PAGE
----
IPD: Global real estate returns deteriorate over 2009

The spread of investment performance across global property markets, at 32 percentage points, contracted for the first time in the nineyear history of the IPD Global Property Index. The index delivered a -7.3% total return in local currencies. The headline local currency total return, the steepest negative result since the inception of the index, is comprised of a capital return of -12.8% and an income return of 6.2%. The 2009 results – presented by IPD co-founding director Ian Cullen yesterday afternoon in a live webinar from IPD's London headquarters – are based on more than 52,000 properties in more than 1,000 portfolios worth circa $1.1 trillion from 23 of the world's most mature real estate markets.

Webinar chairman Ian Cullen was joined by the following panelists: AXA's Head of European Research and Strategy Alan Patterson; Fidelity's European Real Estate Head of Research Matt Richardson; Tim Bellman, Global Head of Research and Strategy at ING and, via conference call from the US, Susan Kolasa, Vice President, Global Real Assets at JP Morgan Asset Management

Global Index Results Analysis
Cullen said the headline -7.3% annual local currency total return is explained by the performance of the three major regional groupings: Eurozone, the rest of Europe and the rest of the world.

He explained: "The rest of Europe, which collectively represents the smallest weight of capital, contributed positively to the global bottom line; while the Eurozone more or less provided a neutral contribution; so the reason we were dragged so deeply into negative territory appears to be a combination of the huge weight of capital and seriously negative returns provided in that rest of the world mix in particular, from US and Japan."

Cullen added: "Returns were rising, from best to worst, continuously from 2003 to 2008. More recently, the spread of returns has reduced. "Looking at national market returns, and their components, positive income return was delivered across every market. More than half of the markets measured delivered a positive total return, although only two markets returned positive capital growth; South Africa, where capital appreciation would have been washed away by inflation, leaving Switzerland as the only market to deliver real capital growth. Every other market saw negative capital movements."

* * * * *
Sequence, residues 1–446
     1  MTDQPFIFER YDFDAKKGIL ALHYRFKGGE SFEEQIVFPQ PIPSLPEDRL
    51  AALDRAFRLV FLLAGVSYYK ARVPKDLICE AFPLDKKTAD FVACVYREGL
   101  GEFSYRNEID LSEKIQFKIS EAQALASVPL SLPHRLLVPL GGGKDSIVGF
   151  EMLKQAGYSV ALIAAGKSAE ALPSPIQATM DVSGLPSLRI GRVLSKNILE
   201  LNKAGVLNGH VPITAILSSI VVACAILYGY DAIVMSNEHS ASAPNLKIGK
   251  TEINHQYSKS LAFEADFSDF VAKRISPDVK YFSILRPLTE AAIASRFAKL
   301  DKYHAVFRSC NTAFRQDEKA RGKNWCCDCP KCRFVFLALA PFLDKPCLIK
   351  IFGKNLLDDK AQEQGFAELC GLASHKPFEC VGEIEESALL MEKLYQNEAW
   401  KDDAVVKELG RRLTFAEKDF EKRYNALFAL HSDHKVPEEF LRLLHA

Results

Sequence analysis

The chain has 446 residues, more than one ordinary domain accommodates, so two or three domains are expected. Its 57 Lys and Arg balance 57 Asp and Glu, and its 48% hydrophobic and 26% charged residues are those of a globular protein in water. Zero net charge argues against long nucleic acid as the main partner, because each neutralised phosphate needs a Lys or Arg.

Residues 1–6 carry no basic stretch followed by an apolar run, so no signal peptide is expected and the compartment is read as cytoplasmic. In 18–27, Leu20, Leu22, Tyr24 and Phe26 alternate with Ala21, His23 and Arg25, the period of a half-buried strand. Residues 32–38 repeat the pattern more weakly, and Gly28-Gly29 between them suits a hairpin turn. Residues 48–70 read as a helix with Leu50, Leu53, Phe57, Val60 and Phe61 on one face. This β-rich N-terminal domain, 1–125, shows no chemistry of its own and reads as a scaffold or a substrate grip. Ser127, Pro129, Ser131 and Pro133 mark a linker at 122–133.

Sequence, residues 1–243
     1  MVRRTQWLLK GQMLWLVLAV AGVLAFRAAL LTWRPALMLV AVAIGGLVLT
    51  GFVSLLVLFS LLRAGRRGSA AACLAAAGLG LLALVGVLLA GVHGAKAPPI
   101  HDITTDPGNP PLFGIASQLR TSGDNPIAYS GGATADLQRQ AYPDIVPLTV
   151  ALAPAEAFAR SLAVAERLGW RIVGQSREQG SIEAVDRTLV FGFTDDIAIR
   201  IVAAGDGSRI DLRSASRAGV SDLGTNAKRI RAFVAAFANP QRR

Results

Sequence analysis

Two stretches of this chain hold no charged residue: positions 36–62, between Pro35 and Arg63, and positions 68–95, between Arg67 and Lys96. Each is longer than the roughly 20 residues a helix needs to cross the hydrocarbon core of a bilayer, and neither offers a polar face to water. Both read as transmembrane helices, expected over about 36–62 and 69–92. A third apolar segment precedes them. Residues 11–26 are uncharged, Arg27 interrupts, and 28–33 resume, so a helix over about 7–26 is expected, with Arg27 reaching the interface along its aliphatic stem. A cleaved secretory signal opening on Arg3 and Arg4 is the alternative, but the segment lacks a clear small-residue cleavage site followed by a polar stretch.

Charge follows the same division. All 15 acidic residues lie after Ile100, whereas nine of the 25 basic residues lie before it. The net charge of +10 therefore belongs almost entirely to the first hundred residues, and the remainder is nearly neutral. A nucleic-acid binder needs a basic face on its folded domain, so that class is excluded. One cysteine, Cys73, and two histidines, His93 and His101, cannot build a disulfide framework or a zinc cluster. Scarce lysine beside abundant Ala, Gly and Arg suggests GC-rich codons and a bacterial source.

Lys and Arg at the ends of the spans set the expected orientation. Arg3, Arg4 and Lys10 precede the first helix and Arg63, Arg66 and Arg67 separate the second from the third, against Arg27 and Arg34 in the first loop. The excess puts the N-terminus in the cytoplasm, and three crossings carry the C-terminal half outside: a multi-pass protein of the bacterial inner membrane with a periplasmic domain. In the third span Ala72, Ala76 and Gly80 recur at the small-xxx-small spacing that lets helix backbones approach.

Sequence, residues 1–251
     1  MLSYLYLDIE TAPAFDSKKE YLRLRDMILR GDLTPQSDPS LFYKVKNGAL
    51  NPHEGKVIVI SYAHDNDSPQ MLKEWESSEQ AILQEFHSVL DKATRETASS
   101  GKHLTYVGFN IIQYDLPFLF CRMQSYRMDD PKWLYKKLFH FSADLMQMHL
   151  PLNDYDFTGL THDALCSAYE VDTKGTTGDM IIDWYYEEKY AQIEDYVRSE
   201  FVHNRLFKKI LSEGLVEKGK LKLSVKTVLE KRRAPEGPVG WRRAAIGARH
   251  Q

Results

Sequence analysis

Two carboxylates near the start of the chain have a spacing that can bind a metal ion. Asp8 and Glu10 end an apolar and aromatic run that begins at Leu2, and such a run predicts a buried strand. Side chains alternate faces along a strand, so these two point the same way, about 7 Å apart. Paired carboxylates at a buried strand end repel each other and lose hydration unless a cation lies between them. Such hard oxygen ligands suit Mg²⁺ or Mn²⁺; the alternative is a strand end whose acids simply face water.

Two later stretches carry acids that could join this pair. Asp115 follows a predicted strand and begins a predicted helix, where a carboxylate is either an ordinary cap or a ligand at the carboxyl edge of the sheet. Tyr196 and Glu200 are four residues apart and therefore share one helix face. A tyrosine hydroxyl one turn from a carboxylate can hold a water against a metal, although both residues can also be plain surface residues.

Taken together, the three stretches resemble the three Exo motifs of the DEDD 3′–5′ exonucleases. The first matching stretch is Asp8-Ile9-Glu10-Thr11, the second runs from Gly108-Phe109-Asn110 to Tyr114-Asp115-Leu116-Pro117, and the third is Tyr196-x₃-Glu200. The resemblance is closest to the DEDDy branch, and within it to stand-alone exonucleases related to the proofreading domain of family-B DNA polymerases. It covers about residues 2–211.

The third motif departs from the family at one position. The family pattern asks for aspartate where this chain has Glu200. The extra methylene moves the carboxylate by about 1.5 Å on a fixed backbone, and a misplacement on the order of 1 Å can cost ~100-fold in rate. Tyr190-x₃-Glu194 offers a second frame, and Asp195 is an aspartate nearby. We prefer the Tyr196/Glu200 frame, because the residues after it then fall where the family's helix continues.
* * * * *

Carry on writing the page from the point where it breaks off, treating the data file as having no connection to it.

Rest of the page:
Webinar Debate – Reaction to 2009 Results
In his reaction to the results, ING's Bellman said: "There are two aspects to this; one is global capital flows responding to the financial crisis and the withdrawal of capital and risk aversion. Second, there are local, individual real estate market factors such as occupancy and lease length characteristics. So it doesn't surprise me that European values are a little stickier because of the type of investors, the valuation practices and smoothing.

"Last year was a year of two halves: towards the end of 2009 there were signs of stabilisation in Europe – that is perhaps why valuation write-downs didn't happen so much as there was a light at the end of the tunnel in the eyes of the valuers and market practitioners."

Fidelity's Richardson said: "What caught a lot of us by surprise was how aggressively some of the European markets came back. This has been a staged fall and will be a staged recovery."

AXA's Patterson said yields have been coming down over the last six to nine months in anticipation of better performance from property against the cost of cash. He continued: "This is the phase where we should be looking for rental value growth (RVG) coming through and we are not quite seeing it, or are likely to, because of austerity packages coming in throughout Europe."

Global Outlook in 2010
Richardson said the big problem with in the European banking sector will have an impact on property. "As we have seen in the UK, at the bottom of these cycles is often where property is seen as a good investment, particularly where bond markets are going into recession."

Patterson said: "In the year ahead there will be different performance in the

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